Previous research has shown that sleep disturbance is common among long-stay, nonrehabilitative nursing home residents and the nursing home environment contributes to poor sleep. Moreover, nursing home residents with more impaired sleep have worse functional status. While VA and non-VA nursing homes are increasingly being used to provide rehabilitation for older veterans recovering from recent illness or injury, little research has addressed how sleep disturbance among this group of nursing home residents may influence successful rehabilitation and other important clinical outcomes.
The primary purpose of this project is to identify factors that affect sleep in rehabilitative nursing home residents, and to determine whether sleep impairment is associated with the process of their rehabilitation and important clinical outcomes.
This is a prospective, cohort study of older people admitted for post-acute rehabilitation to VA and community sites. Residents are enrolled when admitted to the facility for rehabilitation, and followed prospectively for 9 months. Data collected at baseline includes medical data and demographics, comorbidity, functional status, physical function and subjective (i.e., questionnaire) and objective (i.e., wrist actigraphy) measures of sleep. Baseline ambulatory sleep monitoring is performed, and participants are monitored for falls during their stay. Functional status and physical function measure are repeated at discharge. In addition, follow up assessments are performed at two months, six months and nine months from admission to the post-acute rehabiliation site. These follow up assessments include questionnaire and wrist actigraphy sleep measures, functional status, physical function, living location, survival status and health care utilization (i.e., emergency room visits and hospitalizations).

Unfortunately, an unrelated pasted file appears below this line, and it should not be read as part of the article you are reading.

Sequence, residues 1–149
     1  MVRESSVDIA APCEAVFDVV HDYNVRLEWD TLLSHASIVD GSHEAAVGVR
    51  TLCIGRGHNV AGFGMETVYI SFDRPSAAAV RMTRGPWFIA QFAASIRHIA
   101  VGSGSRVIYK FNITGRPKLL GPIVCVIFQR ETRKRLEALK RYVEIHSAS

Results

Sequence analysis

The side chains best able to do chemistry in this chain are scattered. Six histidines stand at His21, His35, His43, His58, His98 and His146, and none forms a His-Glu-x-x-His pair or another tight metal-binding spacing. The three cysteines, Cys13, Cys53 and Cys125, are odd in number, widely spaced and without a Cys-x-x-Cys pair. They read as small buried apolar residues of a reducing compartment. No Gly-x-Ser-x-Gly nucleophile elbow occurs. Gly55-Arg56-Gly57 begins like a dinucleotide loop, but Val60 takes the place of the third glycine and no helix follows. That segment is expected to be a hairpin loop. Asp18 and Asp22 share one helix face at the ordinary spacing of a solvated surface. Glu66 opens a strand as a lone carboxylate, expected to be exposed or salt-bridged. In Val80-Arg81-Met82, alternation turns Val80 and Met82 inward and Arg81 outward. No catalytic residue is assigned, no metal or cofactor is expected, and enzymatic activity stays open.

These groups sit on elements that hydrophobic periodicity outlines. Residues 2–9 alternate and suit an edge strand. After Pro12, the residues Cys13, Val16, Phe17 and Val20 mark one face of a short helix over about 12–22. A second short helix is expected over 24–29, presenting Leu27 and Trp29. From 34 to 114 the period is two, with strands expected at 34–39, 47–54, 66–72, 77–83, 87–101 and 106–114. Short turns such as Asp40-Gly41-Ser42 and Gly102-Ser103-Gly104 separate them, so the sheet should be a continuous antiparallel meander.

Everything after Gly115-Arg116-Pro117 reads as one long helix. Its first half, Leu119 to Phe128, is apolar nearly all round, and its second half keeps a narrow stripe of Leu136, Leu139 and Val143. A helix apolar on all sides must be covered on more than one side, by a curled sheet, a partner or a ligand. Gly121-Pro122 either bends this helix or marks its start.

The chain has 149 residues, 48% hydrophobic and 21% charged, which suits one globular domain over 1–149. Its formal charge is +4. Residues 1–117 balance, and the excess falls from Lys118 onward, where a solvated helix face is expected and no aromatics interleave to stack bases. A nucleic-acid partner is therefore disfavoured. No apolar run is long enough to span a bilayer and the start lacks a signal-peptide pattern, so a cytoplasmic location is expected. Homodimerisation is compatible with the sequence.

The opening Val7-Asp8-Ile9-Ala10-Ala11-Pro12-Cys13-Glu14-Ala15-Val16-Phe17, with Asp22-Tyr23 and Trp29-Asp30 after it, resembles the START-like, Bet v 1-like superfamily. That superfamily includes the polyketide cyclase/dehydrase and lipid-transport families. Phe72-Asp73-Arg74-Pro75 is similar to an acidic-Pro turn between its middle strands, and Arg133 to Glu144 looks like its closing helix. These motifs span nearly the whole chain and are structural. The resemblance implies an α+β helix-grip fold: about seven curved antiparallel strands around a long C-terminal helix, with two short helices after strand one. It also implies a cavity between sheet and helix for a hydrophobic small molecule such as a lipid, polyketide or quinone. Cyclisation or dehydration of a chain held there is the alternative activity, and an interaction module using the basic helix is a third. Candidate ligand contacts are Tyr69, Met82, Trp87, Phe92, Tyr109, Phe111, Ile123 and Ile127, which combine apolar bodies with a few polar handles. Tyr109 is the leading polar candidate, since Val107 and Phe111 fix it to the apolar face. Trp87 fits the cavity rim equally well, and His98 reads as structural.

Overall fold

A total of 245 participants have been enrolled into the study from one community (n=158) and 2 VA post-acute rehabiliation units (n=87). The mean age for these participants is 81 years, 62% are male, and 80% non-Hispanic white. Average length of stay in the post-acute rehabilitation setting was 21 days, and the majority (84%) of participants were discharged to community settings. Based on wrist actigraphy (and behavioral observation data), participants slept 16.4% of daytime hours (8am to 8pm) and had a nightime percent sleep (time asleep over time monitored between 10pm and 6am) of only 52.2%. More daytime sleeping was associated with attenuated functional recovery between admission and discharge (measured by improvement in the motor component of the Functional Independence Measure (FIM); r= - .252, p<.001), and with less total functional improvement from admission to the 2-month follow-up visit (r= -.261, p=.001). When MMSE score was included in statistical models, these relationships remained statistically significant.
Results of this study may lead to a randomized controlled trial to test interventions to improve aspects of quality of care related to environmental, staff and patient factors that impact sleep.
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Aging, Older Veterans' Health and Care, Health Systems
Long-term care, Patient outcomes, Sleep disorders